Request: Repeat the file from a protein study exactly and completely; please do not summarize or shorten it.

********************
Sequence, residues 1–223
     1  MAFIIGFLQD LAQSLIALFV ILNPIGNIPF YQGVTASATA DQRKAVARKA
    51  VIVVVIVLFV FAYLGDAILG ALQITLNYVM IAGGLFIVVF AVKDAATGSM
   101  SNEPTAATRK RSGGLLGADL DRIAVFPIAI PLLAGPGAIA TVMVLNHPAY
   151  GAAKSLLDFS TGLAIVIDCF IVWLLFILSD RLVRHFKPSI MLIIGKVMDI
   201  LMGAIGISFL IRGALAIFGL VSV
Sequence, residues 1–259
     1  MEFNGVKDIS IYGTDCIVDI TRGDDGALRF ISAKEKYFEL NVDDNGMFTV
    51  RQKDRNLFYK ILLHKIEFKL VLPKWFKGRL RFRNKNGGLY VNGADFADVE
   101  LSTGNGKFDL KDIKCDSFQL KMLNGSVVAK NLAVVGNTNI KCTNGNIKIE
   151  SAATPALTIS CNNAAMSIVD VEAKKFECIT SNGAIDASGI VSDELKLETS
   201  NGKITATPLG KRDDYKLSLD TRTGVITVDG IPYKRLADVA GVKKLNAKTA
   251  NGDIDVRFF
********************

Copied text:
Sequence, residues 1–223
     1  MAFIIGFLQD LAQSLIALFV ILNPIGNIPF YQGVTASATA DQRKAVARKA
    51  VIVVVIVLFV FAYLGDAILG ALQITLNYVM IAGGLFIVVF AVKDAATGSM
   101  SNEPTAATRK RSGGLLGADL DRIAVFPIAI PLLAGPGAIA TVMVLNHPAY
   151  GAAKSLLDFS TGLAIVIDCF IVWLLFILSD RLVRHFKPSI MLIIGKVMDI
   201  LMGAIGISFL IRGALAIFGL VSV
Sequence, residues 1–259
     1  MEFNGVKDIS IYGTDCIVDI TRGDDGALRF ISAKEKYFEL NVDDNGMFTV
    51  RQKDRNLFYK ILLHKIEFKL VLPKWFKGRL RFRNKNGGLY VNGADFADVE
   101  LSTGNGKFDL KDIKCDSFQL KMLNGSVVAK NLAVVGNTNI KCTNGNIKIE
   151  SAATPALTIS CNNAAMSIVD VEAKKFECIT SNGAIDASGI VSDELKLETS
   201  NGKITATPLG KRDDYKLSLD TRTGVITVDG IPYKRLADVA GVKKLNAKTA
   251  NGDIDVRFF